Finally, in a slightly more wordy description, from Byzantine Theology
(1974) by the eminent Orthodox scholar and theologian, John Meyendorff --
"....in the Eucharist, man participates in the glorified humanity of Christ, which is not the 'essence of God,' but a humanity still consubstantial to man and available to him as food and drink....for later Byzantine theologians, the Eucharist is Christ's transfigured, life-giving, but still human, body, en-hypostasized in the Logos and penetrated with divine 'energies.' Characteristically, one never finds the category of 'essence' (ousia) used by Byzantine theologians in a Eucharistic context. They would consider a term like 'transubstantiation' (metousiosis) improper to designate the Eucharistic mystery
, and generally use the concept of metabole
, found in the canon of John Chrysostom, or such dynamic terms as 'trans-elementation' (metastoicheiosis) or 're-ordination' (metarrhythmisis). [Yes, many of these terms were used, including and along with Transubstantiation].
"Transubstantiation (metousiosis) appears only in the writings of the -Latinophrones- of the thirteenth century, and is nothing but a straight translation from the Latin. The first Orthodox author to use it is Gennadios Scholarios; but, in his case as well, direct Latin influence is obvious. The Eucharist is neither a symbol to be 'contemplated' from outside nor an 'essence' distinct from humanity, but Jesus Himself, the risen Lord, 'made known through the breaking of bread' (Lk 24:35); Byzantine theologians rarely speculated beyond this realistic and soteriological affirmation of the Eucharistic presence as the glorified humanity of Christ."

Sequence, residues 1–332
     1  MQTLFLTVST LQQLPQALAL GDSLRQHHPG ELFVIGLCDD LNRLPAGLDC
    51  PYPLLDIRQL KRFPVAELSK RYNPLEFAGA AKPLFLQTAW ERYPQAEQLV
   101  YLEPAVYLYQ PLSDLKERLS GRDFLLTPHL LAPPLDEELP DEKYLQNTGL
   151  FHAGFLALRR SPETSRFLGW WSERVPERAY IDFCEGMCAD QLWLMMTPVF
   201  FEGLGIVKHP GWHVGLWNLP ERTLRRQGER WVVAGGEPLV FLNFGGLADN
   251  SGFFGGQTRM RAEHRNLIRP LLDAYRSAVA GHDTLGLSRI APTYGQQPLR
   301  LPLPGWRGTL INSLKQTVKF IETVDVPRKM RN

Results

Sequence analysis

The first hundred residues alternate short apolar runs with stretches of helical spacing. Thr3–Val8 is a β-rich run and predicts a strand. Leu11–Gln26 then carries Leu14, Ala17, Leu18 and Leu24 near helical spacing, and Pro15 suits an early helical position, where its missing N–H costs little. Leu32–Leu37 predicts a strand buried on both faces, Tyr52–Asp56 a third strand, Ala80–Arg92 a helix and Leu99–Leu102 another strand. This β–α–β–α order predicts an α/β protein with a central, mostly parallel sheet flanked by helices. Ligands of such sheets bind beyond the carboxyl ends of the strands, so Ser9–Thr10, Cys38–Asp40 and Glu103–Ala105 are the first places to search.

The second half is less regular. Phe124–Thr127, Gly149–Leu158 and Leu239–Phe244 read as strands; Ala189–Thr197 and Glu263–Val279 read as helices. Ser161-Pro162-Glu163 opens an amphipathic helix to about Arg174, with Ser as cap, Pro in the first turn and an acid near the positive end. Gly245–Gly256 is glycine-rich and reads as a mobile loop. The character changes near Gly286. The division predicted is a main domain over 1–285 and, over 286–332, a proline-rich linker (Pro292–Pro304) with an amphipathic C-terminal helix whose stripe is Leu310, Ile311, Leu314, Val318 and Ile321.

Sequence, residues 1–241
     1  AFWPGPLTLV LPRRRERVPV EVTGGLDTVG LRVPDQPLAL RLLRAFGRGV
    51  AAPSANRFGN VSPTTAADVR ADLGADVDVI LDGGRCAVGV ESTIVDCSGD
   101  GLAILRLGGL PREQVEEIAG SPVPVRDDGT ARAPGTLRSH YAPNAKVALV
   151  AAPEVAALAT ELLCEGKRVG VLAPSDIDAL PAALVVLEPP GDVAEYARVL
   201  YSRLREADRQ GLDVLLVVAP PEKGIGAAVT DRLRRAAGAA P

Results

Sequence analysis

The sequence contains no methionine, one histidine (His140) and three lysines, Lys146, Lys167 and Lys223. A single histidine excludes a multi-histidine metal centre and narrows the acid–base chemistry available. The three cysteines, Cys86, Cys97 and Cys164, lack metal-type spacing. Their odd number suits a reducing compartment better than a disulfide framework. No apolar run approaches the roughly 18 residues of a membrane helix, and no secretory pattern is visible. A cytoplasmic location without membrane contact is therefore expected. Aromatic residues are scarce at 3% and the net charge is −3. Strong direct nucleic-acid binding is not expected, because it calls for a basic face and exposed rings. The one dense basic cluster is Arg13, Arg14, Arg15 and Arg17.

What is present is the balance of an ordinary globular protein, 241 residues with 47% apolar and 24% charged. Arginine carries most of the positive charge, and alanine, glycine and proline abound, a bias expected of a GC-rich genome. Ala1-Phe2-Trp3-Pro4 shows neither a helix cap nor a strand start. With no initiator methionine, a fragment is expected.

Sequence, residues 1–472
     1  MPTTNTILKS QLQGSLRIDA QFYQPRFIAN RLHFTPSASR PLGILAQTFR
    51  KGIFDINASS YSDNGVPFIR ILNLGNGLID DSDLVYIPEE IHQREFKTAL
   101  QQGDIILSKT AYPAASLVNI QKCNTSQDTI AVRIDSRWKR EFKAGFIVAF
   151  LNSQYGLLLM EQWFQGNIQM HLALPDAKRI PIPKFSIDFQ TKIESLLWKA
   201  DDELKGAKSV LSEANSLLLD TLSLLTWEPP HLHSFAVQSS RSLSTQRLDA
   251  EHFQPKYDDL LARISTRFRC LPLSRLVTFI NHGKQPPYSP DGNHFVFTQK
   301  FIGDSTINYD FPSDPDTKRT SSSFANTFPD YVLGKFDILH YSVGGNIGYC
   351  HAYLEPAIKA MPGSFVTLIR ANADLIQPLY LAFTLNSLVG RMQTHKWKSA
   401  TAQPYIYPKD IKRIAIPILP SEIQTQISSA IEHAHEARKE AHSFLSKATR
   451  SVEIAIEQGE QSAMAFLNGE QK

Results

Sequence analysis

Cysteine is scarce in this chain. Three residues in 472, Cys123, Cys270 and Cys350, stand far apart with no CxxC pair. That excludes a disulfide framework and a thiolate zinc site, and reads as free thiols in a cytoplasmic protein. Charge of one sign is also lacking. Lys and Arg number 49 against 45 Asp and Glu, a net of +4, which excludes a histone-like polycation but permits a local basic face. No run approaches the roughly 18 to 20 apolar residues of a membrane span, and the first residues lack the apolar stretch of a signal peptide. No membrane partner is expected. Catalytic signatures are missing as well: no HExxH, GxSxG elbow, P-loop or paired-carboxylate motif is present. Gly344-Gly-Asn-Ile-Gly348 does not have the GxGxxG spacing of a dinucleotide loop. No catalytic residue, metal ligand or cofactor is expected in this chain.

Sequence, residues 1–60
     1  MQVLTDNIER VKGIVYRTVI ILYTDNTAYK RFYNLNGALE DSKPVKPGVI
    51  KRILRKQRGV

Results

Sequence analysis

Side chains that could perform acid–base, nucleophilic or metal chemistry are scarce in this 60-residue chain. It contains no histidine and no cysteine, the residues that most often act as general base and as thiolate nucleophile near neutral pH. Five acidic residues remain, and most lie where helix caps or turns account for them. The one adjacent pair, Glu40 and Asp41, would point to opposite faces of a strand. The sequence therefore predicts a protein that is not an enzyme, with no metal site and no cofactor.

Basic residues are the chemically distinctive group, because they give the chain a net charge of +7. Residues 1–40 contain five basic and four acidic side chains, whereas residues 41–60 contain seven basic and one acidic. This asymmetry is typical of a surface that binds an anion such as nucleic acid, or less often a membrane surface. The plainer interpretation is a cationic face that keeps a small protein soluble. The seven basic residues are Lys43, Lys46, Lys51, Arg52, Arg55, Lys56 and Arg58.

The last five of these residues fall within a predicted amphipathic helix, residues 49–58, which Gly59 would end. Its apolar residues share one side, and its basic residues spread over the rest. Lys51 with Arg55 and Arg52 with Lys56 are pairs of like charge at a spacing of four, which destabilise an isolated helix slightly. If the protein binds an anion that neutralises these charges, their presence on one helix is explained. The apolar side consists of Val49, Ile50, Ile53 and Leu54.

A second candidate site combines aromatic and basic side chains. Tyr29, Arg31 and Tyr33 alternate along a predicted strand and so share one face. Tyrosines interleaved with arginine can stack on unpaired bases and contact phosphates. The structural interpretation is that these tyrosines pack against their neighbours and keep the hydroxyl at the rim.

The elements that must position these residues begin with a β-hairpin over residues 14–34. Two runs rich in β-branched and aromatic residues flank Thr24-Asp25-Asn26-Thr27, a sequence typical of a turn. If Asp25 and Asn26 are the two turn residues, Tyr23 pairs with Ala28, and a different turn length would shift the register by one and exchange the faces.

Meyendorff says concerning the concept of "change of substance" in the Eucharist:
"The Byzantines did not see the substance of the bread somehow changed in the Eucharistic mystery into another substance -- the Body of Christ -- but viewed this bread as the 'type' of humanity: our humanity changed into the transfigured humanity of Christ." (from Meyendorff, pages 203-205)